Statistics - Methodology Publications (50)


Statistics - Methodology Publications

Statistical models for network epidemics usually assume a Bernoulli random graph, in which any two nodes have the same probability of being connected. This assumption provides computational simplicity but does not describe real-life networks well. We propose an epidemic model based on the preferential attachment model, which adds nodes sequentially by simple rules to generate a network. Read More

Blind source separation is a common processing tool to analyse the constitution of pixels of hyperspectral images. Such methods usually suppose that pure pixel spectra (endmembers) are the same in all the image for each class of materials. In the framework of remote sensing, such an assumption is no more valid in the presence of intra-class variabilities due to illumination conditions, weathering, slight variations of the pure materials, etc. Read More

Spatiotemporal gene expression data of the human brain offer insights on the spa- tial and temporal patterns of gene regulation during brain development. Most existing methods for analyzing these data consider spatial and temporal profiles separately with the implicit assumption that different brain regions develop in similar trajectories, and that the spatial patterns of gene expression remain similar at different time points. Al- though these analyses may help delineate gene regulation either spatially or temporally, they are not able to characterize heterogeneity in temporal dynamics across different brain regions, or the evolution of spatial patterns of gene regulation over time. Read More

Evidence synthesis models that combine multiple datasets of varying design, to estimate quantities that cannot be directly observed, require the formulation of complex probabilistic models that can be expressed as graphical models. An assessment of whether the different datasets synthesised contribute information that is consistent with each other (and in a Bayesian context, with the prior distribution) is a crucial component of the model criticism process. However, a systematic assessment of conflict in evidence syntheses suffers from the multiple testing problem, through testing for conflict at multiple locations in a model. Read More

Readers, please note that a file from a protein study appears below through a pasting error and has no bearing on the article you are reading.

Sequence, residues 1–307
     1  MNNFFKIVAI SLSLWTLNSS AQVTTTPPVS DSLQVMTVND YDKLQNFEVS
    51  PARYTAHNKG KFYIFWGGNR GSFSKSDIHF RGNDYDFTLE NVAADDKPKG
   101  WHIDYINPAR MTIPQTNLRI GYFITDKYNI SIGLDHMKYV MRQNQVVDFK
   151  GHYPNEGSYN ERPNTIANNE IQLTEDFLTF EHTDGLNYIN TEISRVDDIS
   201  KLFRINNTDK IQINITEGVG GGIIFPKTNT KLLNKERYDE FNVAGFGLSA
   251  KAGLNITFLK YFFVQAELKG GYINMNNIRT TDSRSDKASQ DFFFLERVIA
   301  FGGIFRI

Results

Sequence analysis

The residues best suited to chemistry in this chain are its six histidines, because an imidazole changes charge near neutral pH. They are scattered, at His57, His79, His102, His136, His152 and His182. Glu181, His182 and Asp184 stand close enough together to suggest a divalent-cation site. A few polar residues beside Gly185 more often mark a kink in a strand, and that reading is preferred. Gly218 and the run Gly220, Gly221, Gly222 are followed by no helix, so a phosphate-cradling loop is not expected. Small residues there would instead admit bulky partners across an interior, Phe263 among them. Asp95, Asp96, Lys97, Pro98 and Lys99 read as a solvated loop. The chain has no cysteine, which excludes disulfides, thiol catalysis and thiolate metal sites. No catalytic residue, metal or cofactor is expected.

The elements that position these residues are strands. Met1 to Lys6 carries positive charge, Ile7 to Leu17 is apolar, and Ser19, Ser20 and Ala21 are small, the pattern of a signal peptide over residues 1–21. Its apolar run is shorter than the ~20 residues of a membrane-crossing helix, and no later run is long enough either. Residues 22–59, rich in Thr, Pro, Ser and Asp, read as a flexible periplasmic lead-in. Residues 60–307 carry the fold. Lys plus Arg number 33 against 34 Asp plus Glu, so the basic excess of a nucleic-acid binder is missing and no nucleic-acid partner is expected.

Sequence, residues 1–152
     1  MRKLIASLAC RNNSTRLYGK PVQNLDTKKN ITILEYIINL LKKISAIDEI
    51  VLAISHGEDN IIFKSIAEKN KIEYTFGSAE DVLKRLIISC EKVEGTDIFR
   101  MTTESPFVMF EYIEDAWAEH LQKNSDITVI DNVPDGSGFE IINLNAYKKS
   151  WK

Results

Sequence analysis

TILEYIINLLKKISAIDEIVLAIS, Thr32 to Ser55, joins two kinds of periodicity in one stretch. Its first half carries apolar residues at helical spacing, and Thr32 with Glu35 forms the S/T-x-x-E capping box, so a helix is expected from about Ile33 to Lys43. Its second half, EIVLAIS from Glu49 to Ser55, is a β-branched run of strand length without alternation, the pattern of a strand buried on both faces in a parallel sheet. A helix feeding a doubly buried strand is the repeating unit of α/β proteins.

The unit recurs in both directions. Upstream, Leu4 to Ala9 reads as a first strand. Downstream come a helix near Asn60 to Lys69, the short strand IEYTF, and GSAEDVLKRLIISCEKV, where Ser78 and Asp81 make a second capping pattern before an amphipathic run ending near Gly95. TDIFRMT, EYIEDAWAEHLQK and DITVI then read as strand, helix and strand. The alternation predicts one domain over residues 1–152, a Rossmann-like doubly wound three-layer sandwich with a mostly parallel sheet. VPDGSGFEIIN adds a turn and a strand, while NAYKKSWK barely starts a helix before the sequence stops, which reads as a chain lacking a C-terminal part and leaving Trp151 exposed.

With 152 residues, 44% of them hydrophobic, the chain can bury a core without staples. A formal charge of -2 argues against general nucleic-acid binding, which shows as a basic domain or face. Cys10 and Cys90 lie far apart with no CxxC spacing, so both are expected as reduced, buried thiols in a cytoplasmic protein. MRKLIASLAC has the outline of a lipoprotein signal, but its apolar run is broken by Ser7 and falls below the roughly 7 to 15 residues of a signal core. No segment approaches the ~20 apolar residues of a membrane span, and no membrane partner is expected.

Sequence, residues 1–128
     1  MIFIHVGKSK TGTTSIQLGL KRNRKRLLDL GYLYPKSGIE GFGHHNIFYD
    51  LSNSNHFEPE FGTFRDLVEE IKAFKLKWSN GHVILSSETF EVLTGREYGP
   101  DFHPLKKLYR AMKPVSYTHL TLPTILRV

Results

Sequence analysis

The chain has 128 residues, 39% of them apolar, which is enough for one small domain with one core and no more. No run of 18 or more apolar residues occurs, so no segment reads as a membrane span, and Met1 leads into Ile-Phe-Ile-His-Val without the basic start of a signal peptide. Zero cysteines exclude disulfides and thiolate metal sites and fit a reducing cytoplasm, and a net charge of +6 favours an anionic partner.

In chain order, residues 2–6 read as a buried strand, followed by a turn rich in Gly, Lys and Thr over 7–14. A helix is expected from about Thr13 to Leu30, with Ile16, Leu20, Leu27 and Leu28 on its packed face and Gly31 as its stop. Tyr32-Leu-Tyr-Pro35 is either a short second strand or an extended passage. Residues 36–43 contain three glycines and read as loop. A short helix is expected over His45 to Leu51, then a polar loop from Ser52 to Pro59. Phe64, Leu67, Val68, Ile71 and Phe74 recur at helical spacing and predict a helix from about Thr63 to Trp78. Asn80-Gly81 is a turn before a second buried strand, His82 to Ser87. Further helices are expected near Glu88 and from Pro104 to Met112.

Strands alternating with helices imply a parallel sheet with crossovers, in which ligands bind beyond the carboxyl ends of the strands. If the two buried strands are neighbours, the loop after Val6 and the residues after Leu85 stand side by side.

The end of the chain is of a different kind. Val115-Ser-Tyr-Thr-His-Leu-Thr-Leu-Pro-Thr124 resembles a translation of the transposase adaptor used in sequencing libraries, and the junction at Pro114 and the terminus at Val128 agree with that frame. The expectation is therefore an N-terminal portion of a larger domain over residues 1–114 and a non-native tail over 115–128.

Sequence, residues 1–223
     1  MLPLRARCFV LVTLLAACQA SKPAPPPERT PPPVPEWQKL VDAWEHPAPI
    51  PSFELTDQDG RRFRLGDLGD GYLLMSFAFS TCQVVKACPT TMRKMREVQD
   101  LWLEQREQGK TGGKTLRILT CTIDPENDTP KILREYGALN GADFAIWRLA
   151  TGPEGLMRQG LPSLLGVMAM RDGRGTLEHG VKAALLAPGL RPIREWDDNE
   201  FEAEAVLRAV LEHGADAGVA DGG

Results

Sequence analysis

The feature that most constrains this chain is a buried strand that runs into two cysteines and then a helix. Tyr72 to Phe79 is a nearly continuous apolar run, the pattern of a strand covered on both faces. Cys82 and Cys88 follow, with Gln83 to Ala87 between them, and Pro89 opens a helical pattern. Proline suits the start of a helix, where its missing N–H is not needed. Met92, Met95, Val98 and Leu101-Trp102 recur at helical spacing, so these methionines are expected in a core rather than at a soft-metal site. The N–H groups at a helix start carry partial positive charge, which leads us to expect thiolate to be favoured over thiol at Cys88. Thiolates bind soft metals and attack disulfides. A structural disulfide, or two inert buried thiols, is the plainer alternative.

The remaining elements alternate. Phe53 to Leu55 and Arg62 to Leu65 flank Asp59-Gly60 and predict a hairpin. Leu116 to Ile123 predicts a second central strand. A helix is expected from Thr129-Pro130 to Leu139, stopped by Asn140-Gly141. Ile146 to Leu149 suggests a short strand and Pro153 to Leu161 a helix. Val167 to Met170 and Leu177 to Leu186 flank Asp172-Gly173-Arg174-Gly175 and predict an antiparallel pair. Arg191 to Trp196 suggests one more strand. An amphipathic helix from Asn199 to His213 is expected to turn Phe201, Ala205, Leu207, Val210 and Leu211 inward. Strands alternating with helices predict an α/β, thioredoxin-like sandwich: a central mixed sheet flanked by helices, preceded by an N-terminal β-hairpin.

Standard penalized methods of variable selection and parameter estimation rely on the magnitude of coefficient estimates to decide which variables to include in the final model. However, coefficient estimates are unreliable when the design matrix is collinear. To overcome this challenge an entirely new method of variable selection is presented within a generalized fiducial inference framework. Read More

Partially-observed Boolean dynamical systems (POBDS) are a general class of nonlinear models with application in estimation and control of Boolean processes based on noisy and incomplete measurements. The optimal minimum mean square error (MMSE) algorithms for POBDS state estimation, namely, the Boolean Kalman filter (BKF) and Boolean Kalman smoother (BKS), are intractable in the case of large systems, due to computational and memory requirements. To address this, we propose approximate MMSE filtering and smoothing algorithms based on the auxiliary particle filter (APF) method from sequential Monte-Carlo theory. Read More

We propose a novel Dirichlet-based P\'olya tree (D-P tree) prior on the copula and based on the D-P tree prior, a nonparametric Bayesian inference procedure. Through theoretical analysis and simulations, we are able to show that the flexibility of the D-P tree prior ensures its consistency in copula estimation, thus able to detect more subtle and complex copula structures than earlier nonparametric Bayesian models, such as a Gaussian copula mixture. Further, the continuity of the imposed D-P tree prior leads to a more favorable smoothing effect in copula estimation over classic frequentist methods, especially with small sets of observations. Read More

In this paper, we propose to construct uniform confidence sets by bootstrapping the debiased kernel density estimator (for density estimation) and the debiased local polynomial regression estimator (for regression analysis). The idea of using a debiased estimator was first introduced in Calonico et al. (2015), where they construct a pointwise confidence set by explicitly estimating stochastic variations. Read More

Detecting causal associations in time series datasets is a key challenge for novel insights into complex dynamical systems such as the Earth system or the human brain. Interactions in high-dimensional dynamical systems often involve time-delays, nonlinearity, and strong autocorrelations. These present major challenges for causal discovery techniques such as Granger causality leading to low detection power, biases, and unreliable hypothesis tests. Read More

Confidence interval procedures used in low dimensional settings are often inappropriate for high dimensional applications. When a large number of parameters are estimated, marginal confidence intervals associated with the most significant estimates have very low coverage rates: They are too small and centered at biased estimates. The problem of forming confidence intervals in high dimensional settings has previously been studied through the lens of selection adjustment. Read More

A powerful data transformation method named guided projections is proposed creating new possibilities to reveal the group structure of high-dimensional data in the presence of noise variables. Utilising projections onto a space spanned by a selection of a small number of observations allows measuring the similarity of other observations to the selection based on orthogonal and score distances. Observations are iteratively exchanged from the selection creating a non-random sequence of projections which we call guided projections. Read More